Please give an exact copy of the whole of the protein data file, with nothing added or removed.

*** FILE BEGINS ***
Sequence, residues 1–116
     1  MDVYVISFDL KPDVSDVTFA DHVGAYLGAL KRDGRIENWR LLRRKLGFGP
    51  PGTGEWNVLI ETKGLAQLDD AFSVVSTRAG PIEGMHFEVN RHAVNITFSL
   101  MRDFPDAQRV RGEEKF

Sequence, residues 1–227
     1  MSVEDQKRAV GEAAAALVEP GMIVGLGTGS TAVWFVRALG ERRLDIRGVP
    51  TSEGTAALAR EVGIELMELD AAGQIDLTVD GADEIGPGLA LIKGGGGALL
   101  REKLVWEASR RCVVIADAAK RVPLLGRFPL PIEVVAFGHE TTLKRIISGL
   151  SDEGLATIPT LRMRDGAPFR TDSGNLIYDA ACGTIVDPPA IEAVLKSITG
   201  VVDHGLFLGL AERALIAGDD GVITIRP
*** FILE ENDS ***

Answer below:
Sequence, residues 1–116
     1  MDVYVISFDL KPDVSDVTFA DHVGAYLGAL KRDGRIENWR LLRRKLGFGP
    51  PGTGEWNVLI ETKGLAQLDD AFSVVSTRAG PIEGMHFEVN RHAVNITFSL
   101  MRDFPDAQRV RGEEKF

Sequence, residues 1–227
     1  MSVEDQKRAV GEAAAALVEP GMIVGLGTGS TAVWFVRALG ERRLDIRGVP
    51  TSEGTAALAR EVGIELMELD AAGQIDLTVD GADEIGPGLA LIKGGGGALL
   101  REKLVWEASR RCVVIADAAK RVPLLGRFPL PIEVVAFGHE TTLKRIISGL
   151  SDEGLATIPT LRMRDGAPFR TDSGNLIYDA ACGTIVDPPA IEAVLKSITG
   201  VVDHGLFLGL AERALIAGDD GVITIRP